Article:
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Why LaVar's Big Baller Brand Story Is a Bust

Remember that time your dad copyrighted your name to make it part of the family brand?

No? Well, it’s just one of many father-son memories shared by LaVar and Lonzo Ball.

In Foot Locker’s Father’s Day tribute, top-ranked draft pick Lonzo Ball pokes fun at his devoted dad when he reflects on good times with pops, like when “your father goes on First Take and shouts back and forth with Stephen A. Smith about how you’re already better than the reigning league MVP.”

Or when dad tells “29 out of 30 NBA teams to not bother drafting you.”

It’s a great ad and is scheduled to air during the NBA draft. Check it out below.

While there is no doubt LaVar Ball is a devoted father, his brash branding strategies may leave one wondering if he’s a shrewd entrepreneur or a rookie business owner. I recently shared my thoughts on Big Baller Brand’s marketing tactics with Lee Bailey at EURweb.com.

“It’s tough to know if he’s the biggest idiot or incredibly smart. He seems to be playing a very aggressive game in terms of trying to build brand awareness by being an outspoken sports personality that people will gravitate towards. It certainly garners a lot of attention toward his activity. The longer term question – is he going to have the staying power of a Nike Under, Armour, or Adidas?”
Lavar Ball: Pro or Rookie When it Comes to Business? – Branding Expert Chimes In

LaVar has not shown the patience to build a brand from the ground up. Instead, he’s built more of a celebrity brand, and celebrities come and go. The best brands, the Coca Cola’s and Apple’s of the world, stand the test of time. So, how can Big Baller Brand position itself to stand the test of time?

First, the shoe brand and Lonzo must live up to the hype. Right now, nothing is proven. Like I explained to Bill Daughtery on New York Sports and Beyond, “Unlike a Michael Jordan, a Shaq, or a superstar, the jury is out on these guys. We don’t know where Lonzo is going to end up. We don’t know whether he’s going to be a superstar or not.” Big Baller shoes are priced at $495, a price point much higher than competing brands.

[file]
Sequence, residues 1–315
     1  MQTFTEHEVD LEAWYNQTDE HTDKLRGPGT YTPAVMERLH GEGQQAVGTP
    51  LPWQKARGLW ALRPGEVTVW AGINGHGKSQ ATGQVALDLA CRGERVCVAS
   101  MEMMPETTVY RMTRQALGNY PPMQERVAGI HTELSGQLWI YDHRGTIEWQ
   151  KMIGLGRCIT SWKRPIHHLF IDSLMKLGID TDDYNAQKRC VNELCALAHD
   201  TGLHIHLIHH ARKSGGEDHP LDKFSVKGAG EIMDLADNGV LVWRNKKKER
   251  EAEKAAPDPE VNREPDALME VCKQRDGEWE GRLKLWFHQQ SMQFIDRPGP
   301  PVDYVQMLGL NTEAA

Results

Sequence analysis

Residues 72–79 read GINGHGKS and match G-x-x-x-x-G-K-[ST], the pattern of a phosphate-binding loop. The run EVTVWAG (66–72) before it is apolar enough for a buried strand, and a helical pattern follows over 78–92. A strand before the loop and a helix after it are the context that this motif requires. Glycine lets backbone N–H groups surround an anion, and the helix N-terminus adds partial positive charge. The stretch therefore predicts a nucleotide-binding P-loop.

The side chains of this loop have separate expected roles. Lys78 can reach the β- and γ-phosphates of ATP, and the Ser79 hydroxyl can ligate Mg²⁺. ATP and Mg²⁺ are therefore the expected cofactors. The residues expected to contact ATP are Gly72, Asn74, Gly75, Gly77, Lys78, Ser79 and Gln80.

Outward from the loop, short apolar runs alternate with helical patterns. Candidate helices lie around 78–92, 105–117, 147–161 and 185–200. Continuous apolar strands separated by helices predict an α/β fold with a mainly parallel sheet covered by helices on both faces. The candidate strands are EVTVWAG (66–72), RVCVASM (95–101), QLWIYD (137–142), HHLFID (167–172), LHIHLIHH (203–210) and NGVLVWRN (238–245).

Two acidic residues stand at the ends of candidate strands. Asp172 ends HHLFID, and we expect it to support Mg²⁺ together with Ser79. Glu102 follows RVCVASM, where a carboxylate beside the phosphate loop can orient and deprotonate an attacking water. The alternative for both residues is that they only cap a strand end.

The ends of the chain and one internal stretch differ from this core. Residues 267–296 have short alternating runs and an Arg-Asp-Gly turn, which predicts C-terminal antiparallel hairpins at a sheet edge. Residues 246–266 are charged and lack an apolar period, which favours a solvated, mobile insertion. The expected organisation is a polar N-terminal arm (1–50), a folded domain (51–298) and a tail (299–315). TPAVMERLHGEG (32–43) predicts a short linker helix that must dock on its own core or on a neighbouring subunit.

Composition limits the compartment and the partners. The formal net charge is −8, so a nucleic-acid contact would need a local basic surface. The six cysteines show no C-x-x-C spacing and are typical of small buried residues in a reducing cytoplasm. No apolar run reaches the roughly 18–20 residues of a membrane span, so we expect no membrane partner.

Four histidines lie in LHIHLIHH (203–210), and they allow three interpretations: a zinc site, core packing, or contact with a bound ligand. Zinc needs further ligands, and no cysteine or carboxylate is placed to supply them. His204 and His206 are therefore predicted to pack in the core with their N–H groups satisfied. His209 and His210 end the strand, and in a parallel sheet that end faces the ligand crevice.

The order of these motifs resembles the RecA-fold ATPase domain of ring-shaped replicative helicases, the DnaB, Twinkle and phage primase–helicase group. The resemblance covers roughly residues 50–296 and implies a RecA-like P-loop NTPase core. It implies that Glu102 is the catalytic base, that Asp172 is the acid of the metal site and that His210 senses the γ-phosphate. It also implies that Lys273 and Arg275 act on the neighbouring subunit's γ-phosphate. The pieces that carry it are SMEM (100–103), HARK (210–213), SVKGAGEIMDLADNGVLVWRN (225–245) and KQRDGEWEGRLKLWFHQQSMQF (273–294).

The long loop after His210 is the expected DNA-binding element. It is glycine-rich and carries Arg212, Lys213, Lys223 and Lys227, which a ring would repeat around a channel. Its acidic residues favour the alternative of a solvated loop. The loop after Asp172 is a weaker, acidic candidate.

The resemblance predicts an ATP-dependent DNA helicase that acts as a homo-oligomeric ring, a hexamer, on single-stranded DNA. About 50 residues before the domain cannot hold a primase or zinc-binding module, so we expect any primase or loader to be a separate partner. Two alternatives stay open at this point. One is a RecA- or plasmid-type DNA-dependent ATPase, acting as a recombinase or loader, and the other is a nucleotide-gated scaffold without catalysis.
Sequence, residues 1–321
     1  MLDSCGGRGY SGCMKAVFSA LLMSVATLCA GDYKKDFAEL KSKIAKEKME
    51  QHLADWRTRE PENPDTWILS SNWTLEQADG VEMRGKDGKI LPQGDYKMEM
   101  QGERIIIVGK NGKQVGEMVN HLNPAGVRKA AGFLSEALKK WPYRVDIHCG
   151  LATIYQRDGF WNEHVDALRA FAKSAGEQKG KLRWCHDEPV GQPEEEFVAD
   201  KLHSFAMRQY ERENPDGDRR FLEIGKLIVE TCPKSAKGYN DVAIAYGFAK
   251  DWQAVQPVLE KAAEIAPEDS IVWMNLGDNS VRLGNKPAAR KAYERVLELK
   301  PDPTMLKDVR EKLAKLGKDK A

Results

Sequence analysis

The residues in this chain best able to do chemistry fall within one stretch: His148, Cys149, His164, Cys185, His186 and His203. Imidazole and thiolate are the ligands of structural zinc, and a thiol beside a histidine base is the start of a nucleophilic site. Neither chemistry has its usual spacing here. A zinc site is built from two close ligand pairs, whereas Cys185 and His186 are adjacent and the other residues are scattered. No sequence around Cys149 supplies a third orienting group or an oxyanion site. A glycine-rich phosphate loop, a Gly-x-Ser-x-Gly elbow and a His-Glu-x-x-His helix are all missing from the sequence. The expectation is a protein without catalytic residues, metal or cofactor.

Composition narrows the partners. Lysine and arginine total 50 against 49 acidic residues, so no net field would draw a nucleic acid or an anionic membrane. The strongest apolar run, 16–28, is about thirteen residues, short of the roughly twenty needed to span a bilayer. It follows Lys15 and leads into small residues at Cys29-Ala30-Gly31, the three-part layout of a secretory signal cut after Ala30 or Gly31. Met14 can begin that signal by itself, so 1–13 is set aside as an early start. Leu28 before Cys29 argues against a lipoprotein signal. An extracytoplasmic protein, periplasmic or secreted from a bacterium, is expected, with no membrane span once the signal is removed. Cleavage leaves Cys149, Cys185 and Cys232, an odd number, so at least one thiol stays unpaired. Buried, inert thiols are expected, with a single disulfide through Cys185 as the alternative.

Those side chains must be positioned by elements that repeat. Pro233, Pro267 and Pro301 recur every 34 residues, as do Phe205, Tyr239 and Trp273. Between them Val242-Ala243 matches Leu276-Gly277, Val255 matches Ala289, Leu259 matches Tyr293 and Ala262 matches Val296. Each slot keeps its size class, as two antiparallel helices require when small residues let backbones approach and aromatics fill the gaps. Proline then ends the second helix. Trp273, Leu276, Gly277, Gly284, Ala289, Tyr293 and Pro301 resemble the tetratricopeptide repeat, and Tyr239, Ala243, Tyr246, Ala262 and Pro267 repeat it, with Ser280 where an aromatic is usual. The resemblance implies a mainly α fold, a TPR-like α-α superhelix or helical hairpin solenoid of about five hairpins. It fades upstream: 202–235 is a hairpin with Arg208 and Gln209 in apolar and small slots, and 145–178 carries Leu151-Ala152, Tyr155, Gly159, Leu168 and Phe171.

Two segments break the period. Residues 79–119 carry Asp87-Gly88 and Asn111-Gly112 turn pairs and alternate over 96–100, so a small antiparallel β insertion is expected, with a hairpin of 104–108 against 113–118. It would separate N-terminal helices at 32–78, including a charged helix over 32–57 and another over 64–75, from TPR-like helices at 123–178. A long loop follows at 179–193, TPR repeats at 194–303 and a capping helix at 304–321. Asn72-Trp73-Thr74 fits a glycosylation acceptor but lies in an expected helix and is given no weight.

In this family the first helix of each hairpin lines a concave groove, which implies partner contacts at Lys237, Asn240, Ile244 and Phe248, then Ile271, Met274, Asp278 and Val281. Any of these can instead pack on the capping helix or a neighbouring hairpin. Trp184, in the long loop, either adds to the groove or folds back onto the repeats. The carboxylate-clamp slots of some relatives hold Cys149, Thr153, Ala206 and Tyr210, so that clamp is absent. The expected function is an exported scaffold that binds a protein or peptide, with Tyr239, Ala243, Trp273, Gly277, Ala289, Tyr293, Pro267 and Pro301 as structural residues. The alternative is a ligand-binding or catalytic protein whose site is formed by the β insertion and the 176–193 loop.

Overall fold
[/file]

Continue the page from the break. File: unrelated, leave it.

The performance of the product has to be there. The truth is that LaVar and his team do not have access to the same research and technologies that Nike, Under Armour, and Adidas have. To help reduce his risk of failure, LaVar must focus on building a simple, clear, and compelling brand story in which the audience is the hero, not him. The brand story must simplify a complicated issue and tell the why, not the “what” or “how”. Here are 5 steps LaVar Ball can use to create a brand story that resonates with his audience and drives sales.

5 keys to building a brand from the ground up

1. Have a core purpose – focus on the “why” 

In order to be successful, LaVar’s six-second brand story needs to have a real purpose—and steer away from the often too personal side of his message. Take Under Armour for example. The brand stands for relentlessly overcoming obstacles and becoming winners on the field. The brand essence revolves around being the underdog, being hungry, competing against the best – and winning. Its tagline “I will” captures this passion, intensity, and drive. It’s got a universal appeal. It’s not based on the purpose of one individual or one superstar in the sports world.

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2. Start with the mind of you target customer